It's late September, which means Rochester, N.Y., has been engulfed by the Fringe Festival. The streets are alive with acrobats, theater, art and — of course — music! The Eastman School of Music got into the act this year with several offerings, including a performance by the Eastman Percussion Ensemble of Steve Reich's epic and revolutionary work Drumming. The ensemble was coached by Prof. Russell Hartenberger, a founding member of the internationally acclaimed percussion group Nexus and an original collaborator with Reich on the piece. So, in the spirit of the Fringe Festival, we challenge you to go to the fringes of your musical selections with Home, the most recent Nexus release, which features a piece (and solo) by Michael Burritt, the director of the Eastman Percussion Ensemble. — Julia Figueras, music director, WXXI Classical 91.5 (Rochester, N.Y.)

LISTEN — Nexus with Michael Burritt: Home


Béla Fleck: Perpetual Motion (Sony)

'Perpetual Motion,' by Bela Fleck
'Perpetual Motion,' by Bela Fleck
Sony Classical

We're gearing up for a pledge drive later this week, and one of our messages is that you don't need to know a lot about classical music to enjoy it. With that in mind, we did a highly unscientific poll of our nonclassical staff members and asked them to tell us their favorite piece of classical music and why they picked it. We got both predictable and surprising answers — and some great stories! Not surprisingly, Pachelbel showed up, as did Saint-Saëns' "The Swan," Elgar's "Nimrod," Vivaldi's Four Seasons and Debussy's Clair de Lune. Some nice surprises included film scores by Hans Zimmer, music by Olafur Arnalds, Chopin's Tristesse Waltz as study music, and Debussy, again — not Children's Corner, but very specifically "Doctor Gradus ad Parnassum." And when I explored the reason for that selection, the answer was Béla Fleck! So, this Friday our request show will feature selections and stories from our nonclassical staff, including a nice little taste of Debussy, courtesy of Fleck, Joshua Bell and some other amazing musicians from the recording Perpetual Motion. It's always exciting to see what door people find into classical music! — Cheryl Dring, program director at WOSU Public Media's Classical 101 (Columbus, Ohio)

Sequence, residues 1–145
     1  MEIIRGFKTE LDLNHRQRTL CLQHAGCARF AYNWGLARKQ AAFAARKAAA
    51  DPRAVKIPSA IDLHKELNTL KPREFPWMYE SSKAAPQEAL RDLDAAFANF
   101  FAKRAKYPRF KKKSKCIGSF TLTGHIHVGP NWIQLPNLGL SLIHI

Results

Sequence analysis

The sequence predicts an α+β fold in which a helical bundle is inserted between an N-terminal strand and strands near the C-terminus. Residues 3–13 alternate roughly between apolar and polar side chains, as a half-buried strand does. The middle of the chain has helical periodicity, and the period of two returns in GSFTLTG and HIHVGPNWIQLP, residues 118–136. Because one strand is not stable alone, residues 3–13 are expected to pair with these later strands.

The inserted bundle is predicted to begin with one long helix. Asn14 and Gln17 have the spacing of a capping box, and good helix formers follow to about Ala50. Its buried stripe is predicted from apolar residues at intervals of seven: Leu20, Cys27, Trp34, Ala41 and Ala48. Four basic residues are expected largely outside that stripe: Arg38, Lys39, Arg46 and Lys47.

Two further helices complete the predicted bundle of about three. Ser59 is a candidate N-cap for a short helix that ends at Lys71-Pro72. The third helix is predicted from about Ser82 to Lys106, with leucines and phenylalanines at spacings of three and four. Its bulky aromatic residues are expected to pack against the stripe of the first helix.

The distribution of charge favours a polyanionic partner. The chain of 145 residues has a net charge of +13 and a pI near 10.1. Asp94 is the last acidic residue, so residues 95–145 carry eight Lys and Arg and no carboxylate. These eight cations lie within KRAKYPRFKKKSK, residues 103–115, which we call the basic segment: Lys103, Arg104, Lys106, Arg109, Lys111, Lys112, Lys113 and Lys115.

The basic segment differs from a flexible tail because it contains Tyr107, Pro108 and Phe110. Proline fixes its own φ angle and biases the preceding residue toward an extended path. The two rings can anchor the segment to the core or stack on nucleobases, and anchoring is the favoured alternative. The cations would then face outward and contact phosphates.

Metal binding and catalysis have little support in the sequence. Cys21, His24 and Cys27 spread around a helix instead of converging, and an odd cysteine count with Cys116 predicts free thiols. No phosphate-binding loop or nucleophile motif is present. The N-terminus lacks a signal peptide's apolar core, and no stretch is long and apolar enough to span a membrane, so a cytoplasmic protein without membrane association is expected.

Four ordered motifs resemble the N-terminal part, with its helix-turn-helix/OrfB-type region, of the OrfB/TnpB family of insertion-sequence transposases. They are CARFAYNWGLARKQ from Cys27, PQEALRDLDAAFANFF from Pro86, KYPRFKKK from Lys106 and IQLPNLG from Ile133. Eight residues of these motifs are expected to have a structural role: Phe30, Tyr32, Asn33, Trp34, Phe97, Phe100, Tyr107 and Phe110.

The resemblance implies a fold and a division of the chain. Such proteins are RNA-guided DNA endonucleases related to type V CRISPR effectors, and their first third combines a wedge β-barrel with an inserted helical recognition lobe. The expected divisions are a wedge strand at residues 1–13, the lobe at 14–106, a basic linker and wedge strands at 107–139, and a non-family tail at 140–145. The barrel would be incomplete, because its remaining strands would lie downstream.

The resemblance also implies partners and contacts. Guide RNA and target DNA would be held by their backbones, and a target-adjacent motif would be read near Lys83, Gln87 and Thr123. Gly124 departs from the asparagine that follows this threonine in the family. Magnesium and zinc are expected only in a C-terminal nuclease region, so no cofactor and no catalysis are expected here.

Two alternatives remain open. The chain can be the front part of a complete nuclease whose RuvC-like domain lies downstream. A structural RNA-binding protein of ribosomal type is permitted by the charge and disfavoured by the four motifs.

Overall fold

LISTEN — Béla Fleck: Doctor Gradus ad Parnassum


Beethoven: Complete String Quartets; performed by Miro Quartet

Miro Quartet
Beethoven's String Quartet No. 14, performed by the Miro Quartet
Miro Quartet Media

When I interviewed the Miro Quartet in March for New Classical Tracks, the members talked at length about how they resolve conflict as four very different people who make music together. Since they had plans to perform in Minnesota in September, I asked if they'd be willing to come to Classical Minnesota Public Radio headquarters to talk more about how we can achieve almost anything when goals are unified and respect exists between people. They were thrilled to be asked! Cellist Joshua Gindele led the discussion, addressing points verbally — such as valuing our differences while finding unity and being in the moment — and then illustrating each by playing and rehearsing. It was an enlightening session — the same kind of forward thinking you'll hear in the ensemble's ongoing project to record Beethoven's complete String Quartets, including a moving performance of No. 14. — Julie Amacher, program director of Classical MPR (St. Paul, Minn.) and host of New Classical Tracks

LISTEN — Beethoven: String Quartet No. 14